Sport Editor Olli Meek reviews the Winter Olympics star performers including Team GB’s record-breaking games in Pyeongchang
The Winter Olympics proved an unprecedented success for Team GB, gaining the record medal haul ever achieved at a Winter games. The five medals placed the UK as 19th in the medals table, but was an improvement of 25% on the total haul from Sochi 2014, and is five times that of 8 years ago in Vancouver.
This is a welcome result for UK Sport, who have recently invested over £28 million on Winter Olympic sports off the back of the recent increases in medal totals, with Chair of the organisation Katherine Grainger calling the achievements of the team “a brilliant job”. Lizzie Yarnold was arguably the star of the show, retaining her Gold medal, the only one that Team GB won, in the skeleton. It was not just Yarnold who flew the flag on ice however, with her teammates Laura Deas and Dom Parsons taking Bronze medals as well. The two athletes who rounded off the group were Izzy Atkin who took Bronze in the ski slopestyle and Billy Morgan who rode his snowboard to Bronze in big air.
One of the aspects that Grainger emphasised in her comments was the longevity of British achievements in such sports, saying that the funding that has recently been given to the team should not only be judged on this games. The contribution was made by UK Sport with the view to preparing for the Beijing games in 2022 as well and setting foundations for sustained improvement rather than one singular blowout. From the efforts of multiple teams who competed, this looks like a reasonable target, with both curling teams coming close to medals- the men’s and women’s in fifth and fourth respectively- along with a shock exit for promising speed skater Elise Christie who was victim of two unlucky falls and a disqualification.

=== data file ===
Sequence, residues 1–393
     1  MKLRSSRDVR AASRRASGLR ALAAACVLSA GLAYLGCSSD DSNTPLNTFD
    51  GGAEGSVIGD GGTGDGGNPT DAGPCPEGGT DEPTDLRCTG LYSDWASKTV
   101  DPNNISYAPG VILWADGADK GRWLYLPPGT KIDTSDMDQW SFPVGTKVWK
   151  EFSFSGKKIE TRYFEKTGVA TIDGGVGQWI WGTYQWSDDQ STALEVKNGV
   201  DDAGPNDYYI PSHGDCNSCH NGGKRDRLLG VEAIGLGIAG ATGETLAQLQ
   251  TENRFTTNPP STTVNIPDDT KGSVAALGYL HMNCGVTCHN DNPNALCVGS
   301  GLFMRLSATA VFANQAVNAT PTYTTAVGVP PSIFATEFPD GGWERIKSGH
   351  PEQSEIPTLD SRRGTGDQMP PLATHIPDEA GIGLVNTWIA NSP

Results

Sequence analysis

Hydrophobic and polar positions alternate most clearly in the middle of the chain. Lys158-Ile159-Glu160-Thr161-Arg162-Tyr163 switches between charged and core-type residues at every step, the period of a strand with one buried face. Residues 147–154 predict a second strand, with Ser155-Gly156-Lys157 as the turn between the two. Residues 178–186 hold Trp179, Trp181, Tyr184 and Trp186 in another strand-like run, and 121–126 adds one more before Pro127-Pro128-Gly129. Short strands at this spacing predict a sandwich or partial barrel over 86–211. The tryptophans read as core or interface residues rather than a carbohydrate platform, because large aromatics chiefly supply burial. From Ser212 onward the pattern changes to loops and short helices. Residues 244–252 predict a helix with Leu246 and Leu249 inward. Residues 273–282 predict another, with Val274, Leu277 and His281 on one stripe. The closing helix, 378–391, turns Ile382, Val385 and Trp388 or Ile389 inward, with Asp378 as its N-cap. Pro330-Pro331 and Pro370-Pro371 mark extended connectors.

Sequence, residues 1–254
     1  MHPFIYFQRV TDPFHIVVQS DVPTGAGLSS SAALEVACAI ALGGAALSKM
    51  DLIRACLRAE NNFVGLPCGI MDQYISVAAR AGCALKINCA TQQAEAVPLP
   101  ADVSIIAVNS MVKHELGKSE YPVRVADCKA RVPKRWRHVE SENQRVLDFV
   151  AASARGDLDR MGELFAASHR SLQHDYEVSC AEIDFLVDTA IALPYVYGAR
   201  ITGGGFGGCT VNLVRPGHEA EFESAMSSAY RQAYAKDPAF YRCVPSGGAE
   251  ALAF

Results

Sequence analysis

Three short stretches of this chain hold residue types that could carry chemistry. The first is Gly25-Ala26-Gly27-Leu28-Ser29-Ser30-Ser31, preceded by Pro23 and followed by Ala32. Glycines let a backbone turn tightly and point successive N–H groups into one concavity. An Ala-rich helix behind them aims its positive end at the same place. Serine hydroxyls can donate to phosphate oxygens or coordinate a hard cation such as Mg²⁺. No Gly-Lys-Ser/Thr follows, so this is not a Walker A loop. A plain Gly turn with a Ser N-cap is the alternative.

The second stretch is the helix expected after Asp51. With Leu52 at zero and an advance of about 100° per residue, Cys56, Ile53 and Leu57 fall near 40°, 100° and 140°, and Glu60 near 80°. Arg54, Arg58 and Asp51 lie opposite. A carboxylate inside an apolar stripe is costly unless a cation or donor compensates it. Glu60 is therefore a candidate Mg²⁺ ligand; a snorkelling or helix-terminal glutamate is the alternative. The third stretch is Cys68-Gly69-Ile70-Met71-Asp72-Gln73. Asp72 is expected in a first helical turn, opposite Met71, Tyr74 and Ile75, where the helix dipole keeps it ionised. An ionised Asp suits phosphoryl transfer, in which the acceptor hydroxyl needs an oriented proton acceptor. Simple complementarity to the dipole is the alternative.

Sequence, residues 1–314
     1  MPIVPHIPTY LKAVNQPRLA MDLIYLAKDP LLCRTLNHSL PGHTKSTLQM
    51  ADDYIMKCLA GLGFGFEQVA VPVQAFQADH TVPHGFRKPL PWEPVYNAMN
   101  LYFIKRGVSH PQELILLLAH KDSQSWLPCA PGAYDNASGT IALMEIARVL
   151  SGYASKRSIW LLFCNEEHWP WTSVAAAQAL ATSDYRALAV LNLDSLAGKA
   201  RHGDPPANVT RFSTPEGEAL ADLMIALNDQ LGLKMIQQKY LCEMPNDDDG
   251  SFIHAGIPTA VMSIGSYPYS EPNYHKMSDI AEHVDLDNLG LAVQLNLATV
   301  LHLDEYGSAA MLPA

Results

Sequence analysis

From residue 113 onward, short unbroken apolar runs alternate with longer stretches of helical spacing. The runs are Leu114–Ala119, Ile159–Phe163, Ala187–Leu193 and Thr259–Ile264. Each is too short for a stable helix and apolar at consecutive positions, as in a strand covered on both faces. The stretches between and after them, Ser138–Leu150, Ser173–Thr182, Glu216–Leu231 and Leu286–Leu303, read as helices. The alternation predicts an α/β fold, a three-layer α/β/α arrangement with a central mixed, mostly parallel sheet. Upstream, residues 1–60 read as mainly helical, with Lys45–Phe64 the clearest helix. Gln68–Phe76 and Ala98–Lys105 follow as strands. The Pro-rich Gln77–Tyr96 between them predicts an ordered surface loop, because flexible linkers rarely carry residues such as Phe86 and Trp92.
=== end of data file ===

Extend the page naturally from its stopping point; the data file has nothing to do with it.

Chef de mission for Team GB Mike Hay was nonetheless very positive about these teams, expressing his pride at their performances and optimism for their future competitions. This is in the context of a lacklustre alpine scene in the UK, with training facilities lacking and many athletes needing to seek colder climes to find an adequate training environment.
The nation that really stood out at these games was Norway. Is anyone surprised? The Scandinavian environment boasts some of the best conditions in the world for developing their winter sports prowess, and it showed. They topped the medal table with a total of 39, 8 in front of second placed Germany. The Norwegian team were level with the Germans on Gold medals, each with 14, but pulled far ahead of their central European rivals on Silver and Bronze, with 4 more medals in both categories. Another feather to their cap was that Norway broke the record for most medals won at a Winter Olympic Games.
The previous record was held by the USA who managed 37 at Vancouver in 2010. The feat was made even more astonishing given the comparative population size of Norway and their initial target of only 30 medals. The population of Norway totals just over 5 million people, a mere drop in the ocean compared with that of Germany, who weigh in at a tasty 82 million.
There are multiple ways that Norway seek to achieve this success, aside from the obvious measures of including Marit Bjorgen, the most decorated Winter Olympian of all time, and just generally being pretty damn good at winter sports. There is no financial incentive for performing well or winning medals, because instead their sporting federation reward them with Gold coloured shoes and cake. Many also have other jobs rather than being full-time professionals in their chosen sports, as well as there being a “no jerks” rule on the skiing team, who spend 200 days a year together. Cross-Country Skiing was where the Norwegians excelled, gaining 7 Golds here compared to the most in another competition being just 2 from Ski Jumping and Speed Skating.
Coming a a close third were Canada, who emerged from the competition with 11 Golds as part of their 29 medals. This placed them in the same spot as was predicted for them by sports data analytics company Gracenote, Norway and Germany having been predicted to swap places. They also predicted that Norway would benefit the most from the absence of an official Russian team, state-sponsored doping having been discovered at the 2014 games.